|Publication number||US5601429 A|
|Application number||US 08/514,386|
|Publication date||Feb 11, 1997|
|Filing date||Aug 11, 1995|
|Priority date||Aug 11, 1995|
|Publication number||08514386, 514386, US 5601429 A, US 5601429A, US-A-5601429, US5601429 A, US5601429A|
|Inventors||Gordon D. Blacklock|
|Original Assignee||Blacklock; Gordon D.|
|Export Citation||BiBTeX, EndNote, RefMan|
|Patent Citations (13), Referenced by (74), Classifications (8), Legal Events (7)|
|External Links: USPTO, USPTO Assignment, Espacenet|
1. Field of the Invention
The present invention relates to an anchor which is inserted into a bone for the purpose of receiving a post and core. The anchor threads to bone tissue, and provides structure for secure mounting of the post and core within the mouth.
2. Description of the Prior Art
Replacement or artificial teeth have become available as an answer to the loss of original teeth. Natural or original teeth are secured in place by roots, which cooperate with the body tissue. When a natural or original tooth is lost, the root is usually also lost. Secure attachment for the new tooth must be provided which will hold and support the tooth securely enough to resist forces generated in biting and chewing.
In contemporary practice, a socket or receptacle for receiving the tooth is placed in the jaw bone, and a post and core assembly is set into the receptacle. The receptacle must cooperate with the natural body into which the new tooth is set. Usually, underlying bone tissue is drilled to accept an anchor. The anchor is threaded into the bone, the anchor frequently serving as its own tap to form threads in the bone.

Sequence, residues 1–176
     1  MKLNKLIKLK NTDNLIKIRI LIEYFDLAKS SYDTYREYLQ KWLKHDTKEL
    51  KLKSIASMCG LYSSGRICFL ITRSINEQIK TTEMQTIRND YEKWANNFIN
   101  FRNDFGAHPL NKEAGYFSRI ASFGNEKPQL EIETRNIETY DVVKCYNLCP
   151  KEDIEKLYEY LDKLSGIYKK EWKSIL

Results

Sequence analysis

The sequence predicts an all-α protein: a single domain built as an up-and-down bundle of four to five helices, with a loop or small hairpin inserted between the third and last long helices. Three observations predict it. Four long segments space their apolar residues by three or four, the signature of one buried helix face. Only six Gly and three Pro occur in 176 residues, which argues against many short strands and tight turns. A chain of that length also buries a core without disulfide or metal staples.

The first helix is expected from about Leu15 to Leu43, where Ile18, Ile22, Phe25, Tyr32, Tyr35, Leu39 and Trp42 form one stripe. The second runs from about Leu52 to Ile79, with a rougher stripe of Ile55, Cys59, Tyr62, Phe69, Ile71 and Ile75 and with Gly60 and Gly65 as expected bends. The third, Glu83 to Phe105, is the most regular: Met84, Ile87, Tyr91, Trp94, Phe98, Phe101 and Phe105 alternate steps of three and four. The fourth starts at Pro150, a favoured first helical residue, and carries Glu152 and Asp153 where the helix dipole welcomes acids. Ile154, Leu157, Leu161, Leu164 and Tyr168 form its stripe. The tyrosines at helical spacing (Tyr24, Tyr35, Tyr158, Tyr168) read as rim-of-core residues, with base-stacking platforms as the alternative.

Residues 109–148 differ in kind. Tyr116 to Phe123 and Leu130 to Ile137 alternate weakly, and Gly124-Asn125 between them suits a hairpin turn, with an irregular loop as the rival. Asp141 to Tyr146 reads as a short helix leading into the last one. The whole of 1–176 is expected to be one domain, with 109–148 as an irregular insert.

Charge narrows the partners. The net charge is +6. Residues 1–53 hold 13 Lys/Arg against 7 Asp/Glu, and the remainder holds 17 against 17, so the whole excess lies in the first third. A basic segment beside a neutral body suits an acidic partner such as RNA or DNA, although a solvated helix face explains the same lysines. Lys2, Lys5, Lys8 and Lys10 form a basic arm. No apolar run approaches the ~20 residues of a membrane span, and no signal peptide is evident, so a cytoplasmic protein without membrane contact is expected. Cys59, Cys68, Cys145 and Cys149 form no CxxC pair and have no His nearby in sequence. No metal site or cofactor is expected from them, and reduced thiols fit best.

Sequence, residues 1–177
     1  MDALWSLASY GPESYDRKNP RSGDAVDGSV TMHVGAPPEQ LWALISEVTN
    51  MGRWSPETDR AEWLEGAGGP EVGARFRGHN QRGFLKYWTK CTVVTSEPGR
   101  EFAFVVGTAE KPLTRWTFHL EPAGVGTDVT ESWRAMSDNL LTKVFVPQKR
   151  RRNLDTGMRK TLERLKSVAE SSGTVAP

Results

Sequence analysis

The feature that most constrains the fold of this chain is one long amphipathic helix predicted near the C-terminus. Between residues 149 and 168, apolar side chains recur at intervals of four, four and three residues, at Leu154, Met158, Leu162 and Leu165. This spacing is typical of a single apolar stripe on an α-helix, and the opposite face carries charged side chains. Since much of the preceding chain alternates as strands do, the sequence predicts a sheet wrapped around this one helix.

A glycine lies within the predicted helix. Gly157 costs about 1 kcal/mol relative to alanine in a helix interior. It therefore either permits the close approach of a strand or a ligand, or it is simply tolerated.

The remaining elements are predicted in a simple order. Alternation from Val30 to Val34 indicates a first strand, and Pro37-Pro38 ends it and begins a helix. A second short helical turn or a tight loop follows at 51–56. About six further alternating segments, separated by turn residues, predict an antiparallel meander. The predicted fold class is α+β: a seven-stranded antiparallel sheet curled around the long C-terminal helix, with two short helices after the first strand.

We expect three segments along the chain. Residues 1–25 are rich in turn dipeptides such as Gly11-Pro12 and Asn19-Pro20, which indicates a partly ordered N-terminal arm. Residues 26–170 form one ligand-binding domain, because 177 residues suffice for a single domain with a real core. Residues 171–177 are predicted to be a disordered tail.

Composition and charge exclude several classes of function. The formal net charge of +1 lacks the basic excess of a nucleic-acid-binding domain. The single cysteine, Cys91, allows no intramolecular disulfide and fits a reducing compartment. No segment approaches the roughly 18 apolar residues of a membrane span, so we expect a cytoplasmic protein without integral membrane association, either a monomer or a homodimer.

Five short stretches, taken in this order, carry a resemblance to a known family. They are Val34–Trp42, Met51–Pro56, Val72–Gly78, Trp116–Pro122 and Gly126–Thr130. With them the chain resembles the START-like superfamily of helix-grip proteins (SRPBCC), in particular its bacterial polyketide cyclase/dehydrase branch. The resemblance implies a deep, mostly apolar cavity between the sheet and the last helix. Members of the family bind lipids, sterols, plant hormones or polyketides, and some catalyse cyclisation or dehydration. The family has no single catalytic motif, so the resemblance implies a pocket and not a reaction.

The receptacle normally secures the post and core or healing screw in one of two ways. For temporary, removable securement, the healing screw is threaded into the receptacle. For permanent securement, the hexagonal shank of the post engages a cooperating bore formed in the anchor, and the engagement is cemented into place.
Normally, the anchor is provided with self-tapping threads, and engages the bone by being screwed into a hole bored into the bone. The self-tapping threads carve cooperating threads into the unthreaded hole in the bone. In all known prior art threading schemes, the final diameter of the threads formed in the bone is achieved by the first convolutions of the self-tapping threads of the anchor.
U.S. Pat. No. 4,863,383, issued to Hans L. Grafelmann on Sep. 5, 1989, illustrates an implant having an anchor which has a tapered body. Unlike the present invention, the screw threads are of constant outer diameter throughout the length of the anchor. This is in contrast to the present invention, wherein threads are of progressively increasing outer diameter.